Oddly enough, you are only 20lbs over the 80% range by doing the math. If I guess your setup right using source in link: http://www.dodge.com/bodybuilder/201...ammlup1500.pdf

And based on the GVWR for the 2012 Flying Cloud.

And somehow I seem to be skating both the 80% and the wheelbase rule of thumb, even though I didn't set out to do either of those.

My truck is rated to 9650lbs towing. 80% of that is 7720 or 120lbs to spare. As my sticker on the Airstream lists the GVWR at 7600lbs.

A matter of fact, subtracting my GCWR 15500 - 7600GVWR AS - 6800GVWR TRUCK = 1100lbs

And the wheelbase math puts me at 27.5 for a 140.5ft of wheel base. But I tell ya, I didn't plan any of that. But I thought it was funny.



This is probably useless information in regards to the thread at hand. Since we've already discounted it all. But I figured it was funny how that worked out. If you leave the kitchen sink at home you don't need a semi truck.
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Old 09-03-2014, 03:01 PM   #69
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Heck, Andy says you can tow a 34' Classic with a Chrysler 300, no problem.....just don't try to stop going down a steep hill, or tow up Grape Vine when it's 100 degrees.
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Old 09-03-2014, 05:27 PM   #70
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It is sort of fun after a while to PREDICT the responses :-)

If you can predict not only WHAT will be said but WHO will say it, then you're a REAL rivet master :-)

I'll try to be a good boy now.
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Old 09-04-2014, 12:04 AM   #71
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I just wish that the mods would let me get away with repeatedly using the term fairy dust!
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Old 09-04-2014, 05:13 AM   #72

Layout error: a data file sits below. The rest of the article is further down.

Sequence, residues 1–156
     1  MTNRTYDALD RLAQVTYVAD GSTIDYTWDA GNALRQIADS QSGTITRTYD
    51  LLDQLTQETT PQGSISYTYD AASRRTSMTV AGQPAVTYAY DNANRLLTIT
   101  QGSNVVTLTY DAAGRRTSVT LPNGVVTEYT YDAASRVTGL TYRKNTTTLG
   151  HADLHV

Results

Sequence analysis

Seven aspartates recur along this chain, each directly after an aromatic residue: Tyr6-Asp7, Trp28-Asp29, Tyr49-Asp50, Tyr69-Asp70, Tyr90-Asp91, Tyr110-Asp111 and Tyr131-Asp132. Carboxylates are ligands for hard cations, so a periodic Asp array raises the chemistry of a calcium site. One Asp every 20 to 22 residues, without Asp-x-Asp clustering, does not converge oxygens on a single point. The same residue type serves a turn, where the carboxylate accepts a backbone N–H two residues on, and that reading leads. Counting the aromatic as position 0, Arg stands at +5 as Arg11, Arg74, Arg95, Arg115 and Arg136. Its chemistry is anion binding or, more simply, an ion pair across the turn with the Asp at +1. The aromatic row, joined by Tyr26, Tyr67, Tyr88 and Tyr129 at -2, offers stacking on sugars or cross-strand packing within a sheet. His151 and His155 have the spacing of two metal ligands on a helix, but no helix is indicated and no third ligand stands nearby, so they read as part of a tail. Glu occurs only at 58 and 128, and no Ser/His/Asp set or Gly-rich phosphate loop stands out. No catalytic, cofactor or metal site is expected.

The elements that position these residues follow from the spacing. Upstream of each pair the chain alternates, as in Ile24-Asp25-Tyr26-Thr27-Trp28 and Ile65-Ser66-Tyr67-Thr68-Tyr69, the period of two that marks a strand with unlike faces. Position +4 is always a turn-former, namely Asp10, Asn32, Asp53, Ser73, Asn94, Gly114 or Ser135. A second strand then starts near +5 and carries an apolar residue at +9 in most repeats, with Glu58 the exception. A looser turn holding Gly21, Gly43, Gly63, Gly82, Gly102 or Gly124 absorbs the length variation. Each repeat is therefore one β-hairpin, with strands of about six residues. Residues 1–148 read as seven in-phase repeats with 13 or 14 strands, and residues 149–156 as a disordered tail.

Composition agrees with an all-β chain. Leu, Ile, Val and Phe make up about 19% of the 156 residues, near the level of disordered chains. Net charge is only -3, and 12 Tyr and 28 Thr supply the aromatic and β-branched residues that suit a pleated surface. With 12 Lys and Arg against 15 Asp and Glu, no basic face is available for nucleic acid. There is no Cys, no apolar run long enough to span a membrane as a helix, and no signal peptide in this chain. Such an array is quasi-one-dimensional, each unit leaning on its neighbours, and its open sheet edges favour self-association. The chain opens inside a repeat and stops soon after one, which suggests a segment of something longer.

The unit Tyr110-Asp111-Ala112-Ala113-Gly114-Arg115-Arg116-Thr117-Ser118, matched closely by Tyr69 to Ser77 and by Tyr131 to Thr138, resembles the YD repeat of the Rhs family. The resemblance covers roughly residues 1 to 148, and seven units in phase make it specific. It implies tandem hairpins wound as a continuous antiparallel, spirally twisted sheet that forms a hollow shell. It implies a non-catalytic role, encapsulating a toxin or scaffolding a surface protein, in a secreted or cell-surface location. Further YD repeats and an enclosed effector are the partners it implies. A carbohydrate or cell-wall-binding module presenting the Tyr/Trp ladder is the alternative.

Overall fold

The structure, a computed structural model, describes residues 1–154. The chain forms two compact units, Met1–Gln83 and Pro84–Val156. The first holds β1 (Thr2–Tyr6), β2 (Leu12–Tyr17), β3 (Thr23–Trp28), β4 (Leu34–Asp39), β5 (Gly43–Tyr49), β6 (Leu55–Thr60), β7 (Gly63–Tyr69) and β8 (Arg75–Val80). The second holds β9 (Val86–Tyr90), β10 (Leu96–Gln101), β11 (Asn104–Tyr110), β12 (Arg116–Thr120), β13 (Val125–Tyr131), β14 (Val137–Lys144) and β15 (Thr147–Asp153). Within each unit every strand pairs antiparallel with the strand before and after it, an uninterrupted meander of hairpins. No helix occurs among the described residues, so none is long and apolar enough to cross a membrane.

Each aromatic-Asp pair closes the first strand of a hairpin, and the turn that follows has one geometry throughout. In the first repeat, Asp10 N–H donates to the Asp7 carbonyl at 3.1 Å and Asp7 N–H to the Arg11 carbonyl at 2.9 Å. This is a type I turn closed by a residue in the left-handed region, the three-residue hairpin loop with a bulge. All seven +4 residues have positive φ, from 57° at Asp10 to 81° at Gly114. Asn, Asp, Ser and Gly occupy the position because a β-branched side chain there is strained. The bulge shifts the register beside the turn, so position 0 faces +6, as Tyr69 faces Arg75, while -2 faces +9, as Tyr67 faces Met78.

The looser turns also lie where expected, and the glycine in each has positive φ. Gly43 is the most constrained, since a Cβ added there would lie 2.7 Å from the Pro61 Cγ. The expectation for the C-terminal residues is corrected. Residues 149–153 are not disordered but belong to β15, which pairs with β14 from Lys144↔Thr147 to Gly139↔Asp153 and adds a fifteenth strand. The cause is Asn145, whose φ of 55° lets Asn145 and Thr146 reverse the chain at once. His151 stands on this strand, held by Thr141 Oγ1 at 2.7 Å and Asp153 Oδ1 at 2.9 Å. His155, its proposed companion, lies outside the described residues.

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We're not allowed to repeatedly use the term "fairy dust"? Crud... I guess I've got nothing to say then.

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Old 09-04-2014, 07:08 AM   #73
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Observation: Many Americans recommend go big with TV. Canadians seem to prefure smaller vehicles. Both agree on one thing. There recommendation is perfect and how dare any one disagree. Canadians do this more tact and courtesy.
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Old 09-04-2014, 07:56 AM   #74
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Let me try to learn something comparing two different vehicles with similar spec's.

New Dodge Ram Express reg cab pickup 120" wheelbase, 5.7 V8, 8-speed trans, 20" wheels, full coil spring suspension. Body on frame construction, live rear axle.

Compared to new Dodge Durango R/T SUV, same spec's mentioned above, but unibody construction, full independent suspension.

Which would make a better Airstream FC 25' tow vehicle and why?
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Old 09-04-2014, 08:39 AM   #75
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I owned one of the original Ford Expeditions with a live real axle. I later traded it in for a newer model with full independent suspension. The difference in ride quality was huge. No more skittering over bumps, joincing over RR tracks. The truck is so much more planted than the old live axle model. My Expedition has 1,600 lbs of payload so that doesn't have to be a limiter. I wish the half ton trucks would dump that archaic design.

So for this reason I'd lean to the Durango. Reason to go with the truck is to be able to haul more stuff in the bed.
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Old 09-04-2014, 02:09 PM   #76
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Which would make a better Airstream FC 25' tow vehicle and why?